Gwendolyn Wentworth had been a beauty queen, celebrated on the pageant circuit, first runner-up in a major competition, before marrying and having a daughter, Taryn. She'd married well—better than I'd realized, apparently—but Mr. Wentworth was no longer in the picture. I wasn't clear on those details.

And now she was my guardian until I turned eighteen.

Annabelle Moss. Orphan.

My parents had been driving home on a rainy night when a driver who'd enjoyed himself a little too much at a St. Patrick's Day party plowed into them. They were killed instantly, a fact that was supposed to give me some comfort ("They didn't suffer"), but all it gave me was the sharp, sudden severance of my old life. Relatively happy high school junior to devastated orphan in one phone call.

Aunt Patricia, my mother's sister, had taken a leave of absence from teaching college in the city and moved into our house so I could finish out the school year. I somehow managed to keep my grades up. The school had let me make up tests, let me slide on some assignments since I was a straight-A student already, and I appreciated that. I was hoping for scholarships to get me to a good university. Fingers crossed for Ivy League, but I'd be more than fine with the next tier down.

But Aunt Pat had a job to get back to, and a one-bedroom, rent-controlled apartment she shared with her partner, Rhea. She'd been scouring rental listings every day, looking for a bigger place she could still afford on her and Rhea's salaries, and I was planning on a summer job to help out, when Gwendolyn Wentworth had swooped in like a fairy godmother and offered a solution.

I could live with her and Taryn, whom I vaguely knew from school. I'd be able to spend my last year of high school at the school I'd been going to all my life. She'd put me up, feed me, all that jazz, no strings attached. I had such a bright future, she said. She wanted to help.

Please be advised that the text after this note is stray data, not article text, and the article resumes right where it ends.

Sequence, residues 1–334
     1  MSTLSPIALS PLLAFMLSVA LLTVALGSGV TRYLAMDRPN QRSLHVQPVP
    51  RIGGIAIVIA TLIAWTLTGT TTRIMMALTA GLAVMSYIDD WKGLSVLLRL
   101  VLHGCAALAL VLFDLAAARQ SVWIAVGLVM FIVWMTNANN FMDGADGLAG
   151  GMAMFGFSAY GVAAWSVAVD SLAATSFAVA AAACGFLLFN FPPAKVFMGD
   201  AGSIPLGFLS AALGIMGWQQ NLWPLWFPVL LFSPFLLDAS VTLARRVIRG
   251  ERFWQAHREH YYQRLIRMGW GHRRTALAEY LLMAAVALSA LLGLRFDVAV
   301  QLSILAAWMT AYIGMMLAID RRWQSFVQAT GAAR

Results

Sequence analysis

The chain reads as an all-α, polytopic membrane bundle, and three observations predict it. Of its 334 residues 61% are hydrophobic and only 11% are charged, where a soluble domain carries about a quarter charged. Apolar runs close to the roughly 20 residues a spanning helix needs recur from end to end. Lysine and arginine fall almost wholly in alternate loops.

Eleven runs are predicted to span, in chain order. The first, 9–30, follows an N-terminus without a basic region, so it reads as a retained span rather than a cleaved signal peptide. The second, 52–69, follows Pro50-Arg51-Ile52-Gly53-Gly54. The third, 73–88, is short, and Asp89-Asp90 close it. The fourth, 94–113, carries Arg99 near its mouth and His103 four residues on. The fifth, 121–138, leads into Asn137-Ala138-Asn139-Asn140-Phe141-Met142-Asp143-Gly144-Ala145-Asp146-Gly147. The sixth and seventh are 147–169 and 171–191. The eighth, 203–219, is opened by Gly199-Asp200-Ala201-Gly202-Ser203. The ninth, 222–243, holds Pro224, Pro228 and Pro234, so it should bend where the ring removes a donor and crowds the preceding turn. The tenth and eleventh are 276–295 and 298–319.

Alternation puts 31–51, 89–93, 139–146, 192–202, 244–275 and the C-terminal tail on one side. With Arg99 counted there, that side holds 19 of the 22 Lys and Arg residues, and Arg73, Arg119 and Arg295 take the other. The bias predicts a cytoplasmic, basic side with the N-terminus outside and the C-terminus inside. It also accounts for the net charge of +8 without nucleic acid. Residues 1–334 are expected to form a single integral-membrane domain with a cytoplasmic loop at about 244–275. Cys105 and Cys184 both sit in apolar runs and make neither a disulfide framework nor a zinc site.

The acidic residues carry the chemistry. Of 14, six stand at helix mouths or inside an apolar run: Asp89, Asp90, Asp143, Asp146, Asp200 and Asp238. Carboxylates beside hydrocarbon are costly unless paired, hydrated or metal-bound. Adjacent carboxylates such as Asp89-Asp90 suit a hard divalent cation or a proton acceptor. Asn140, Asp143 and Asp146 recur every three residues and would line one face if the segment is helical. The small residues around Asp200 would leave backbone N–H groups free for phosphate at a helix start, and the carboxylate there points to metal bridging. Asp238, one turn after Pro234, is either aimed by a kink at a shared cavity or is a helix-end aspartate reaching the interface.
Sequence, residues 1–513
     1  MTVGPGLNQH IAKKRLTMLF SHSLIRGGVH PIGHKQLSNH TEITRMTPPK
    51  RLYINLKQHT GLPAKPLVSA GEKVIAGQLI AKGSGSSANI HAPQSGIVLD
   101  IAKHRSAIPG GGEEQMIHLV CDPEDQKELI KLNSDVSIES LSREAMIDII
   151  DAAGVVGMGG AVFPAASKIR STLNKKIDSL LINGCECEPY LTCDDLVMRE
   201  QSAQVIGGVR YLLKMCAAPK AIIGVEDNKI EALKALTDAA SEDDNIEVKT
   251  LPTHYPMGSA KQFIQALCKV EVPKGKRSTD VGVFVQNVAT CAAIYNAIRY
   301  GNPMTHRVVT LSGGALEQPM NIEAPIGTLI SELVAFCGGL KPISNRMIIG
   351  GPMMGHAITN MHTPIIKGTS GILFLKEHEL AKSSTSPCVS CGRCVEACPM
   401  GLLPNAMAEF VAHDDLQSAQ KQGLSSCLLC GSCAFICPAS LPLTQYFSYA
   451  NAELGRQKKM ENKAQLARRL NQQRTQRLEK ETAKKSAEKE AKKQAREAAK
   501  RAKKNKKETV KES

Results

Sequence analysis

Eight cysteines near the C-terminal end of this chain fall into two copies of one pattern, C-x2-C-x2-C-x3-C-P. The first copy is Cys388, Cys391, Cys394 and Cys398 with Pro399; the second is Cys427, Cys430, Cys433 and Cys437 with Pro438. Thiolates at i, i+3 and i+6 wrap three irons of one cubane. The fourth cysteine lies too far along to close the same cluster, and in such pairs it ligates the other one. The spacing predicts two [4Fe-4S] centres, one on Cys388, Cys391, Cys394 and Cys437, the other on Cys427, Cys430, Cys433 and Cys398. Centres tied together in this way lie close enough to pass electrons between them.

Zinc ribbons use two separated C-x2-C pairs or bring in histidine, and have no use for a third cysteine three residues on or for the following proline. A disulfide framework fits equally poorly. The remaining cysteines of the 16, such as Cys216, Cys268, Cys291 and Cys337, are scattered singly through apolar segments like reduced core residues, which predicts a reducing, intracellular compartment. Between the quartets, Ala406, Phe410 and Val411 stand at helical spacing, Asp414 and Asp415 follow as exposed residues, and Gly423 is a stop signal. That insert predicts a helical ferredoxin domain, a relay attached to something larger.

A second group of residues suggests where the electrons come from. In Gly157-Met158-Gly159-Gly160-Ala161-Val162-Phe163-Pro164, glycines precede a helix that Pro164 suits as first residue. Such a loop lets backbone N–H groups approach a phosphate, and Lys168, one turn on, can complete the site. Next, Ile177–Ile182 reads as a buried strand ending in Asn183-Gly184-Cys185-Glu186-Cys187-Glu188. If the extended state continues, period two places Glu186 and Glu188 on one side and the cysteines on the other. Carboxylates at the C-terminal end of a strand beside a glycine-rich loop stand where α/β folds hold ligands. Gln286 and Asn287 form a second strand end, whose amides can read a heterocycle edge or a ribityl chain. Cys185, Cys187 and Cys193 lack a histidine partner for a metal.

And so, two days after the end of the semester, the paperwork had been signed, and here we were. My parents' house was on the market and Aunt Pat had gone back to the city, although from the way she'd hugged me goodbye, I'd wondered if she'd ever let me go.

Now we were pretty much the only family each other had.

I didn't really know Taryn at all, but I wondered if it would be like having a sister. I was an only child (I was nobody's child now), so I had no experience with that sort of thing. I had friends, but most of them had sort of…drifted away since my parents' accident. I suppose I'd stopped being much fun.

Fact was, I'd been so intent on getting through, on keeping my grades from plummeting, on surviving, that I hadn't had the energy for anything or anyone else.

Mrs. Wentworth led me through the downstairs, pointing out rooms: a powder room, the formal dining room, the formal living room, the music room, the den, another powder room, the solarium, the media room, the kitchen, the breakfast room, and I think a third powder room. There were back stairs (I wasn't sure if they were servant's stairs; I hadn't seen anyone else, but there was no way she kept this place clean on her own. Everything was sparkling, expensive, and immaculate. I was pretty sure I'd been able to see my reflection in the stainless steel refrigerator.), but she led me back to the rose-scented entryway so we could head to the second floor from there.

"Downstairs there's a pool and fitness room and sauna," she said.

There was a downstairs, too? I struggled to wrap my head around that.